The Axiomatic Formulation of Probability

When I first heard of the axiomatic formulation of probability, it was presented to me as "resolving" the dispute between the frequentist interpretation of probability and the subjective interpretation. (Interestingly, John Maynard Keynes was one of the leading proponents of the subjective interpretation, while Richard von Mises was a prominent champion of the frequentist interpretation. So Keynes had running disputes with both of the von Mises brothers.) And the Wikipedia page just linked to describes the axiomatic formulation of probability as a "rival" to the frequentist interpretation.

But to see the axiomatic formulation as rival to those other theories is a serious mistake (as Kolmogorov himself seemed to recognize -- see below). The frequentist and subjective theories of probability are concerned with the relation of probabilistic statements to the real world. They are essentially asking, "If we say, for instance, that the odds of rain today are 30%, what exactly do we mean, and on what basis do we mean it?"

What the axiomatic formulation does is simply set such philosophical questions aside, and formulate a probability theory as a purely abstract mathematical system arising from certain axioms, with no concern at all about how this system might be connected to the real world. And I think that this was the right direction for mathematics to take: mathematicians could focus on their strength -- developing a consistent formal system -- and leave the question of how it applies to reality to others.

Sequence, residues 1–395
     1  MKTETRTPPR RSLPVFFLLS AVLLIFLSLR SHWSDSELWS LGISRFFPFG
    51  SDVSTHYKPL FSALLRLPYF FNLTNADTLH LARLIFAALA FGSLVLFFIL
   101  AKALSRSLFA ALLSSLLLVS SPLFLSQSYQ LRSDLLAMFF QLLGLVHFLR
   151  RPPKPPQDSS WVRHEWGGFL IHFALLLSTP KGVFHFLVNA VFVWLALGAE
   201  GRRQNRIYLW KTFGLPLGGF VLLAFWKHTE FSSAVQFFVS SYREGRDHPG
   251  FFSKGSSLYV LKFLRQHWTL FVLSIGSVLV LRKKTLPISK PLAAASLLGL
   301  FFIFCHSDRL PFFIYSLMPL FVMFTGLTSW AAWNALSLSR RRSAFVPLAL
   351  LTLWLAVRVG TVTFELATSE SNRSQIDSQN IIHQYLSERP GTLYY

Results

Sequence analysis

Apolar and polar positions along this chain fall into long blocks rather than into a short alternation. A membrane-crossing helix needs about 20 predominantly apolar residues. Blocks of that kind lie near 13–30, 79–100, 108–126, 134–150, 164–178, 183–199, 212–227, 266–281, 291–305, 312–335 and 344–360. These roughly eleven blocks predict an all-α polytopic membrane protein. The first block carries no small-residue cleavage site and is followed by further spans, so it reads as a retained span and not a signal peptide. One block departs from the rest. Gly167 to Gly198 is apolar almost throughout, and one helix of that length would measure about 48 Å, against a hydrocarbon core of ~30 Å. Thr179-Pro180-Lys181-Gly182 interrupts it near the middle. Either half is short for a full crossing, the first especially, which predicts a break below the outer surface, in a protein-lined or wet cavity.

As mentioned earlier, Kolmogorov himself recognized this, saying, "The basis for the applicability of the results of the mathematical theory of probability to real 'random phenomena' must depend on some form of the frequency concept of probability, the unavoidable nature of which has been established by von Mises in a spirited manner."

The type of mistake made in thinking that the axiomatic formulation of probability could resolve the dispute between the existing interpretations of how probability applies to the real world is a common one. It consists in mistaking the development of some formalism for as a solution to a vexing philosophical issue. People who think that the mathematical theory of limits solved Zeno's paradoxes are making this mistake. Similarly someone who claims that the development of different formalisms called "logics" empirically demonstrates that logic itself, philosophically speaking, is not unitary, is also making the same mistake.


  1. Gene, how would you resolve Zeno's paradoxes, then, assuming you think a successful resolution has been found?

    1. If this topic interests you, see Atomism and Its Critics.

    2. The book seems to be out-of-print, and it's really expensive from used book sellers. Any alternate recommendations?